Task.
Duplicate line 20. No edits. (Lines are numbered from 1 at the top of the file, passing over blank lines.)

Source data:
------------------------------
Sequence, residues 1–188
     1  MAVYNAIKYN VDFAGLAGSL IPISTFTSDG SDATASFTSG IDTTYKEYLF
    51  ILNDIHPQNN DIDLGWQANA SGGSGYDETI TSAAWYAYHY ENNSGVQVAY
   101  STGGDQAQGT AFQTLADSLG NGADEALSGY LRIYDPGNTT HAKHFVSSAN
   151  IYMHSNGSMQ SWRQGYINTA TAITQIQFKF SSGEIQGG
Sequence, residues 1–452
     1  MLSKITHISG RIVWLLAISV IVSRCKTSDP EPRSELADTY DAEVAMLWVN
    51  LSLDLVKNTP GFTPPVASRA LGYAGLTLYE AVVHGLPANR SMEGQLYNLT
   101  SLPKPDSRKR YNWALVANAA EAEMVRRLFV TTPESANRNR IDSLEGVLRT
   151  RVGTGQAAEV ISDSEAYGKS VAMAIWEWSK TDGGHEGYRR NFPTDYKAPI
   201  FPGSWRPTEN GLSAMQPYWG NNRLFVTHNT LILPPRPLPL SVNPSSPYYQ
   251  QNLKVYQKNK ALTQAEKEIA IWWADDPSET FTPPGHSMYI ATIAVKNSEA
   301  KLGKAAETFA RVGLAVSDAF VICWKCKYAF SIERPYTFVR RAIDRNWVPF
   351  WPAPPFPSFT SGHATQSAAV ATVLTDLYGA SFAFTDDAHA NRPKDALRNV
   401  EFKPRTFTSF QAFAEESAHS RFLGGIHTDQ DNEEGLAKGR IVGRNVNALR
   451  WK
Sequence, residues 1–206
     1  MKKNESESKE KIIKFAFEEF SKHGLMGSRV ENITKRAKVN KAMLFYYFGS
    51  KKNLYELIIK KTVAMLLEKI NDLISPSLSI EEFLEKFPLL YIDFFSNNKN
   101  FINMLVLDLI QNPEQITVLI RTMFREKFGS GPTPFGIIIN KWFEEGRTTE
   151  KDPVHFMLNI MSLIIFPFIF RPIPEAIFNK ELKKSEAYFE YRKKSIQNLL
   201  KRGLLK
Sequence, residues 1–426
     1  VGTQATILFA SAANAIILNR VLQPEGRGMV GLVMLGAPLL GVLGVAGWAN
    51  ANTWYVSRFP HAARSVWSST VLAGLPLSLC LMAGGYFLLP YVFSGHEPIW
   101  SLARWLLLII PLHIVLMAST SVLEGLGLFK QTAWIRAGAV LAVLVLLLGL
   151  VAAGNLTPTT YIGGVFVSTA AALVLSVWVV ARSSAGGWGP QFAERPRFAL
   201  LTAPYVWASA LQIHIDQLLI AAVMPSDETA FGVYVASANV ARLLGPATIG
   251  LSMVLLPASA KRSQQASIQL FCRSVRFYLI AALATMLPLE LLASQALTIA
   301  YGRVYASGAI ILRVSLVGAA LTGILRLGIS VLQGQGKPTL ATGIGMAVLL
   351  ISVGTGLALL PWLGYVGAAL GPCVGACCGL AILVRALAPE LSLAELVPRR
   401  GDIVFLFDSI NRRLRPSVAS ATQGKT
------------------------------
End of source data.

   101  FINMLVLDLI QNPEQITVLI RTMFREKFGS GPTPFGIIIN KWFEEGRTTE